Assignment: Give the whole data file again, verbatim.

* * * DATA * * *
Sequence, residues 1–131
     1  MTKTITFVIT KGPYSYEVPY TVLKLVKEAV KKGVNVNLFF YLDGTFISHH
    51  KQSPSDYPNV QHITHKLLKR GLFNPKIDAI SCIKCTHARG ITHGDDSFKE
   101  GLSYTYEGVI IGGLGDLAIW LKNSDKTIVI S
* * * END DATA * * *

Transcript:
Sequence, residues 1–131
     1  MTKTITFVIT KGPYSYEVPY TVLKLVKEAV KKGVNVNLFF YLDGTFISHH
    51  KQSPSDYPNV QHITHKLLKR GLFNPKIDAI SCIKCTHARG ITHGDDSFKE
   101  GLSYTYEGVI IGGLGDLAIW LKNSDKTIVI S